This is a question younger men often grapple when considering a vasectomy, and the answer has several components which vary depending on a number of circumstances. We’re going to break this question down into three sections: legal, medical, and personal.
The legal answer
While the laws governing minimum vasectomy age will vary depending on country and jurisdiction, in the United States, any man who is over 18 years of age and mentally sound can have a vasectomy. From a legal standpoint, what you do with your reproductive system as an adult is entirely up to you.
The medical answer
While a man may be legally allowed to have a vasectomy as young as 18, doctors are not legally required to perform the operation if they feel uncomfortable doing so.
Doctors have a professional and ethical obligation to do what they feel is in the best interest of their patients. For some doctors, this means not performing a vasectomy on men who they feel are too young to make the decision responsibly, or who they worry may regret their decision later on in life.
A doctor’s position will vary depending on the physician’s own personal morals and values, which means that you may get different reactions from different doctors when you request a vasectomy at a very young age. Some doctors may outright refuse to perform vasectomies on younger patients while others will perform the operation with little or no resistance.
You may also find that some doctors will take a middle road, agreeing to perform the operation but requiring a “cooling down” period to ensure the patient is making a sound decision.
When making their decision, doctors will look at factors such as the marital status of the man and the number of children he already has. Doctors are generally more comfortable performing vasectomies on men who are married with kids than single men with no children or spouse.
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Some young men view vasectomy as a safe and effective form of birth control that will provide them with a lifetime of spontaneous, worry-free sex. While this opinion isn’t necessarily wrong, it is misguided.
Even though vasectomy is often referred to as birth control, it should be considered as a form of permanent male sterilization. The only way to have children after a vasectomy is by using banked sperm along with some form of artificial insemination or by getting a vasectomy reversal. Both routes are costly and are never guaranteed to work.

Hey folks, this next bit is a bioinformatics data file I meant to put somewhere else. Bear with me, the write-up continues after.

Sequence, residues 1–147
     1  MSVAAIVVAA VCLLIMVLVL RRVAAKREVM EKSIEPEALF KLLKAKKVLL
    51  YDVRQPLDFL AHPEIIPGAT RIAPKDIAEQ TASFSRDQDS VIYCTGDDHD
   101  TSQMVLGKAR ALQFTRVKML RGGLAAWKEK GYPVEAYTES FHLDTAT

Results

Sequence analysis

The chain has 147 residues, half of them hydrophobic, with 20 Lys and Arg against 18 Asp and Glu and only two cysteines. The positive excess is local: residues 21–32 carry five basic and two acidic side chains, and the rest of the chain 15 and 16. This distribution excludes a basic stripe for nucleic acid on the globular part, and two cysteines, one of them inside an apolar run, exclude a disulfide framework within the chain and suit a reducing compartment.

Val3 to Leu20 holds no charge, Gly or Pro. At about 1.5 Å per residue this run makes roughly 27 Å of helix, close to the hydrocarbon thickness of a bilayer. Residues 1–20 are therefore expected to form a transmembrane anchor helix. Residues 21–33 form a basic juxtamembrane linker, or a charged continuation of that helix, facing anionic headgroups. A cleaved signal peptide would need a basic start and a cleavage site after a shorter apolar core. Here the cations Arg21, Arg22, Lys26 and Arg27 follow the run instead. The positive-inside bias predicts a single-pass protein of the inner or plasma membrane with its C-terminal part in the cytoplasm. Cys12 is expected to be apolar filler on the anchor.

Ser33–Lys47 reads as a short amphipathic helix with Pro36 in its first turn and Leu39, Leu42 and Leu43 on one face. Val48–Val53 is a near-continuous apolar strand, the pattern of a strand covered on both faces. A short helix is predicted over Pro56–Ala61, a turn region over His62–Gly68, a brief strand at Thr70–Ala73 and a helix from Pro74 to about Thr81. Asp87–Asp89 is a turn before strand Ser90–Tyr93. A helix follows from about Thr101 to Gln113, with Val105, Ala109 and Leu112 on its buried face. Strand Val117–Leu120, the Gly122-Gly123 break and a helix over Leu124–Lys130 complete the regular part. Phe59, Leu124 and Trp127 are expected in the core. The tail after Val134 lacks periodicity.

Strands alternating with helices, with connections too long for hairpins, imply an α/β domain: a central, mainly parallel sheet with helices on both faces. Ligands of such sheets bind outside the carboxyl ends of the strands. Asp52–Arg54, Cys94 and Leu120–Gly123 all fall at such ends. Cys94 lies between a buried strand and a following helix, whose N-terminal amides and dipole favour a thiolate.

Studies have shown that men who have vasectomies at a very young age are more likely to regret it and/or have a reversal later in their life. Here are some points to consider:
- One study found that men who have vasectomies in their twenties are 12.5 times as likely to have a reversal than older men.1Potts J, Pasqualotto F, Nelson D, Thomas A, Agarwal A. Patient characteristics associated with vasectomy reversal. J Urol. 1999;161(6):1835-1839. https://www.ncbi.nlm.nih.gov/pubmed/10332448
- 90% of vasectomy reversals occur because the man meets somebody who wants to have children.2Shah Z, Ganta S, Morgans B. The trends of vasectomy reversal in the forces. J R Army Med Corps. 2003;149(4):265-266. doi:10.1136/jramc-149-04-04
- Vasectomy reversals are not always successful.
- The longer a man waits after his vasectomy to have a reversal, the lower the chances of pregnancy.
- Vasectomy reversals are expensive and are not usually covered by insurance.
It’s also important to remember that a vasectomy will not protect you from STDs, so condoms will still be necessary unless you trust your partner.
References and further readingVasectomy-Information.com has a strict sourcing policy. We rely on evidence-based medicine, peer-reviewed studies, reputable clinical journals, and medical associations. Learn more about how we ensure our content is accurate and up-to-date by reading our editorial policy.
- Potts J, Pasqualotto F, Nelson D, Thomas A, Agarwal A. Patient characteristics associated with vasectomy reversal. J Urol. 1999;161(6):1835-1839. https://www.ncbi.nlm.nih.gov/pubmed/10332448.
- Shah Z, Ganta S, Morgans B. The trends of vasectomy reversal in the forces. J R Army Med Corps. 2003;149(4):265-266. doi:10.1136/jramc-149-04-04
- Ariel S. Tazkargy, From Coercion to Coercion: Voluntary Sterilization Policies in the United States, 32 Law & Ineq. 135 (2014). https://scholarship.law.umn.edu/lawineq/vol32/iss1/5
- § 54.1-2974. Sterilization operations for persons 18 years or older capable of informed consent. Code of Virginia. https://law.lis.virginia.gov/vacode/title54.1/chapter29/section54.1-2974/
- Labrecque M, Paunescu C, Plesu I, Stacey D, Légaré F. Evaluation of the effect of a patient decision aid about vasectomy on the decision-making process: a randomized trial. Contraception. 2010;82(6):556-562. doi:10.1016/j.contraception.2010.05.003